• After a default is entered the plaintiff can ask the court to enter a default judgment against you.
  • The plaintiff can prove his or her case without you disputing what he or she says, and can win up to the amount that he or she asked for in the lawsuit against you.

Then the plaintiff can enforce the judgment against you. This can mean getting money from you by garnishing your paycheck, levying on your bank account, or putting a lien on your house or car. A judgment against you can also show up on your credit report.

  • You have any defense to the case, like a belief you owe less money than what you are being sued for. The only way to raise this defense is by filing a formal response. For example, if you tried to arrange a payment schedule with the creditor but you were refused, and now you are being sued for attorney’s fees and court costs in addition to the principal amount you owe, the only way to tell the court that you should not have to pay the costs of the lawsuit is by filing a response and raising the defense in your response. If you do not file a response, the party suing you (the plaintiff) can get a judgment against you for the full amount requested in the lawsuit and you will not be able to tell the court why you do not owe it. So, unless you know you owe everything you are being sued for, and you have no other defense you want to raise, you should respond to the lawsuit because that is the only way for you to defend yourself and not have a default judgment against you.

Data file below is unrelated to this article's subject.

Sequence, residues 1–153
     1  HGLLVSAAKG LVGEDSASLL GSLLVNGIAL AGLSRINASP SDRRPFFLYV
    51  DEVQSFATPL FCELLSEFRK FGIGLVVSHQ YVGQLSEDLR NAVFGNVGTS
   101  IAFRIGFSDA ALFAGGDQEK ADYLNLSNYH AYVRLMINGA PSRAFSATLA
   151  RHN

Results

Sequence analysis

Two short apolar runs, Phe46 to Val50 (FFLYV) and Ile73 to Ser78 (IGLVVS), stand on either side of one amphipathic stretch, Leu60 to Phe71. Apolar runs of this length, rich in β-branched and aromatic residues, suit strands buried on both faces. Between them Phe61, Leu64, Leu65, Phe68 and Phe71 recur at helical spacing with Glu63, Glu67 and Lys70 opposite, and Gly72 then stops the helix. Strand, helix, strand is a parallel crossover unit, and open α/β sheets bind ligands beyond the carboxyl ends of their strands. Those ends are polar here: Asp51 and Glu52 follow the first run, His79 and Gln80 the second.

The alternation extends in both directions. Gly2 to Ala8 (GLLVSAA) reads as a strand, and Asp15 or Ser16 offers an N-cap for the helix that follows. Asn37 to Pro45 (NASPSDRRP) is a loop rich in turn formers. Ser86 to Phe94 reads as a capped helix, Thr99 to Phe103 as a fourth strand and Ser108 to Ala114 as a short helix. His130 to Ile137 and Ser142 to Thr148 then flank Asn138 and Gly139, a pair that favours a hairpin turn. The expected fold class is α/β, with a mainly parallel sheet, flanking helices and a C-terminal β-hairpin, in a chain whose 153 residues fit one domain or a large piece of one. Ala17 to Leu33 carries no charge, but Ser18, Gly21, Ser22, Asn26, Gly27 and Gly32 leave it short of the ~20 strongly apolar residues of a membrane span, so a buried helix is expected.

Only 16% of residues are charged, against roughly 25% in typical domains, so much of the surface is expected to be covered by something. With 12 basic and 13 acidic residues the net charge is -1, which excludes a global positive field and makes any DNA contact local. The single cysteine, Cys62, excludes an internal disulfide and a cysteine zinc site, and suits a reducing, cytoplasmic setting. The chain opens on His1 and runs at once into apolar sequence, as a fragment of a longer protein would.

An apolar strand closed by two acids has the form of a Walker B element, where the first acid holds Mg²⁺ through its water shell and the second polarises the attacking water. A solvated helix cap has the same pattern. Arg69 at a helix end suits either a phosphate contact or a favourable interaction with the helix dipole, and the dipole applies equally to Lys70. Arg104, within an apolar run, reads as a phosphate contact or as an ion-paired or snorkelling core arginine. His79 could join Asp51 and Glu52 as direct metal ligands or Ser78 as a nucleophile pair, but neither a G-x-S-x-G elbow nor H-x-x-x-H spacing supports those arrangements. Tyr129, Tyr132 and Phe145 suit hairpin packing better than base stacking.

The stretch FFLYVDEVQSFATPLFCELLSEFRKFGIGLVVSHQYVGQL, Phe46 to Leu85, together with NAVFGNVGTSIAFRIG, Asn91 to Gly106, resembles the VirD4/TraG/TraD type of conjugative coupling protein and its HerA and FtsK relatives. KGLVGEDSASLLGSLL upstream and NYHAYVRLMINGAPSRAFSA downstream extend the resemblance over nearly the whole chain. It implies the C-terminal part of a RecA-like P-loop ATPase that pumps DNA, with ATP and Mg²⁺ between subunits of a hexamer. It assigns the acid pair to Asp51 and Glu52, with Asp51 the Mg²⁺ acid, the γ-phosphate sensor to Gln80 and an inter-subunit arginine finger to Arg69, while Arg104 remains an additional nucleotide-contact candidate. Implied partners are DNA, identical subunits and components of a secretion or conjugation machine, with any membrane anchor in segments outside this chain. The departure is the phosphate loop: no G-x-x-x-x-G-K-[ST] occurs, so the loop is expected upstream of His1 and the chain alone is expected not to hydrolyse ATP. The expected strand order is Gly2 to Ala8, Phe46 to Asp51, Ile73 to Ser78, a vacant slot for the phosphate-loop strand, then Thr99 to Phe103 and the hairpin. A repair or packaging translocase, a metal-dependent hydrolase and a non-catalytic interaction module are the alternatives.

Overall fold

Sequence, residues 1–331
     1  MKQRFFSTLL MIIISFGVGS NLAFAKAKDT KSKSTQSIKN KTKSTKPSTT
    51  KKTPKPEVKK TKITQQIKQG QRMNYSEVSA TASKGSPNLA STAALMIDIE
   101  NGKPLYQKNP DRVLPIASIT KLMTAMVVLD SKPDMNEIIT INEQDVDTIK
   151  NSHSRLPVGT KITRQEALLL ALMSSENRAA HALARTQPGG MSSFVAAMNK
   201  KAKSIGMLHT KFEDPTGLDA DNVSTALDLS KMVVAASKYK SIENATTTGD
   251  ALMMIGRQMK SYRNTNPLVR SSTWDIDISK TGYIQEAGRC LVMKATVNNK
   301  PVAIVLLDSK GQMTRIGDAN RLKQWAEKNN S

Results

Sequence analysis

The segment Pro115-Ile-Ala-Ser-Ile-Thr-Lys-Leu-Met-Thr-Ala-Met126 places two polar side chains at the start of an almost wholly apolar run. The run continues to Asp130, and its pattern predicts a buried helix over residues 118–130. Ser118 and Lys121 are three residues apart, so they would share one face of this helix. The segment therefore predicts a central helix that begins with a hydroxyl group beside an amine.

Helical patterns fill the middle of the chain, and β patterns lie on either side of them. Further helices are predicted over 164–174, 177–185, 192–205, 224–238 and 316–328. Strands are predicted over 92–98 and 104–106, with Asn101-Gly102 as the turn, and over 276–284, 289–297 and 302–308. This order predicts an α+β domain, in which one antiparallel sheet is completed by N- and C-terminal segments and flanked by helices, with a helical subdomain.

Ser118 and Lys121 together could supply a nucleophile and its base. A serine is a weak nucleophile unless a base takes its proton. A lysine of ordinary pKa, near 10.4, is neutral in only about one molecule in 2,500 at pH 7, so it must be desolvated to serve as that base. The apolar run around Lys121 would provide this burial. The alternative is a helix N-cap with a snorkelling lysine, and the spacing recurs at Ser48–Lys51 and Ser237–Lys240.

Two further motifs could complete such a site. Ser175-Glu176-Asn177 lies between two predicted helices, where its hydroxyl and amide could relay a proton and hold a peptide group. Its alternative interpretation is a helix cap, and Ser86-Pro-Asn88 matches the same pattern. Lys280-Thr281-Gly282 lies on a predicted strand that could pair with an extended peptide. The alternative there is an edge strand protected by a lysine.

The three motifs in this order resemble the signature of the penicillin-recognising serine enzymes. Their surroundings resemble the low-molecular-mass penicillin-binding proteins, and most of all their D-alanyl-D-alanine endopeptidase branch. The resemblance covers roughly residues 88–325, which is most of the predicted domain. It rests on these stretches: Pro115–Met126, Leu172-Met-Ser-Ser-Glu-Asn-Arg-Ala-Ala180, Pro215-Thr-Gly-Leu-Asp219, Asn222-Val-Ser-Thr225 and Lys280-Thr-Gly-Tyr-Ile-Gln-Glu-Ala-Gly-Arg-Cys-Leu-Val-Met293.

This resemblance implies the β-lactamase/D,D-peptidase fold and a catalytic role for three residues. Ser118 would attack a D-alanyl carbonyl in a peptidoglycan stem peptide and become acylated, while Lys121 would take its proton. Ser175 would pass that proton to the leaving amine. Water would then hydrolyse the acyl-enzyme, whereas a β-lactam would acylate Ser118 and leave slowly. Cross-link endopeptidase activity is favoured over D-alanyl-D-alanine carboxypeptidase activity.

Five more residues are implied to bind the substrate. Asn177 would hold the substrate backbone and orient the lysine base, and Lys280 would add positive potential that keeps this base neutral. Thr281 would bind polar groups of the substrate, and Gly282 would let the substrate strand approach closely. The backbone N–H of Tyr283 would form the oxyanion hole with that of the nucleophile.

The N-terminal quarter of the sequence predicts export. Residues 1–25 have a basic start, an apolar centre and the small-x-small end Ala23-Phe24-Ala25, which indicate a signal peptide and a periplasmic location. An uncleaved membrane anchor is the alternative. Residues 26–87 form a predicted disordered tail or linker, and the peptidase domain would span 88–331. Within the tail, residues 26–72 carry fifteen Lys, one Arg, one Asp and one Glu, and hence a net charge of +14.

• Sometimes defendants file a response even when they owe the money because they want to try to negotiate a settlement with the plaintiff, and by filing a response, they get more time and opportunity to settle. This can work if you are prepared to respond to the discovery requests (on time and if are able to pay something to settle the case.